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Welcoming the gray area – Olivia Rojas

By Lily Williams

Seventeen-year-old Olivia Rojas is influenced by a variety of cultures that do not define her, but rather shape her sense of who she is.

Olivia lives in the small town of Sanford, North Carolina, which she said is racially segregated. “In Sanford, either you have to be one or the other,” she said. Olivia believes one should not limit themselves to simplicities as she can understand a person better by expanding her comfort zone.

Although impacted by Puerto Rican, Peruvian, and American culture, Olivia tries to carve her own path outside of ethnicity.

“When you have all these stereotypes, you should go beyond that. You are a person,” she said, “no one should focus on assumptions; therefore, I like to advocate in my town for individualism.”

Olivia is the founder and president of “Jacket Talk”, a school podcast encouraging students to share their stories with their peers. “There was a lack of communication in my school. A bunch of diversity but students weren’t sharing, just running through the motions.” She found this podcast necessary for the community members to learn from other’s experiences and ideas.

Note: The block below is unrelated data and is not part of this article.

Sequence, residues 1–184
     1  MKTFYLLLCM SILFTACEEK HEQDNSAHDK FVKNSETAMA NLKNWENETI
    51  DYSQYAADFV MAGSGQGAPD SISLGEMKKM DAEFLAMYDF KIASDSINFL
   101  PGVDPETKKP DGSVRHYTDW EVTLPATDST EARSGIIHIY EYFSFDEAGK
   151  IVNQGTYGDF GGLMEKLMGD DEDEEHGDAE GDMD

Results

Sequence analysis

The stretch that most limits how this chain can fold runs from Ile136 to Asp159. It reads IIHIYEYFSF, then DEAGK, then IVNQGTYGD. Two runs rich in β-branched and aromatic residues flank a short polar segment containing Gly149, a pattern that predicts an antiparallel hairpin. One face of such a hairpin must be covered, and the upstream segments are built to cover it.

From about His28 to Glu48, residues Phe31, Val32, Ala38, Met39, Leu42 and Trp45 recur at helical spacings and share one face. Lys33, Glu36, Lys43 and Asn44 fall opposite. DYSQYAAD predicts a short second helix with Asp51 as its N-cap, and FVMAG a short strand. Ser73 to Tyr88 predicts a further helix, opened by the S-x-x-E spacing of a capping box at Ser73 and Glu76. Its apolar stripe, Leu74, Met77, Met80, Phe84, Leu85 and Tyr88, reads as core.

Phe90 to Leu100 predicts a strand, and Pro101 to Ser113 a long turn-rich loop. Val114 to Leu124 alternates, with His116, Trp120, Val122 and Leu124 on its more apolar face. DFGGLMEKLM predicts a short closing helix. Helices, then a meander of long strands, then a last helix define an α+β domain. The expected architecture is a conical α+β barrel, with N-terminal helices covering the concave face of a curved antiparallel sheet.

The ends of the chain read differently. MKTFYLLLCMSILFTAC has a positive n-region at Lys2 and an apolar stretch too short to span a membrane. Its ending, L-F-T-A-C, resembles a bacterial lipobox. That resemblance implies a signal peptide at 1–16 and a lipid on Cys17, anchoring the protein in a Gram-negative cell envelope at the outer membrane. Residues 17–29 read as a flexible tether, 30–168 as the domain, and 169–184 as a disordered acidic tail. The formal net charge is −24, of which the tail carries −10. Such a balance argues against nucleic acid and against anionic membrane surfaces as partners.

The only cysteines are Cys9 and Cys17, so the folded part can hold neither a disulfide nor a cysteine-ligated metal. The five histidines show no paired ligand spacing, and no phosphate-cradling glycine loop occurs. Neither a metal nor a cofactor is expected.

Planning to pursue journalism or public relations, Olivia would like to continue encouraging a variety of people to share their stories. Olivia will use her background and understanding to further develop the credibility of journalists.

She hopes to redirect the current course of modern media. “I feel like journalism loses its credibility when starting to attack and focus on the negative.” Olivia hopes to stress positive, unbiased reporting over the big picture. She stated, “dealing with story that is generally negative, I focus on what the person learned, the impact, or gain.”

Her plans for the future include becoming a contributor for a major publication and expanding her network over the years. Olivia’s strong sense of self provides her with a foundation to begin building her brand in her community to future locations.

Olivia refuses to be constrained to norms, as an outlier in her town as well as with her plans for the field of journalism. “You can be in the shades of gray. It is a great place to be,” she said.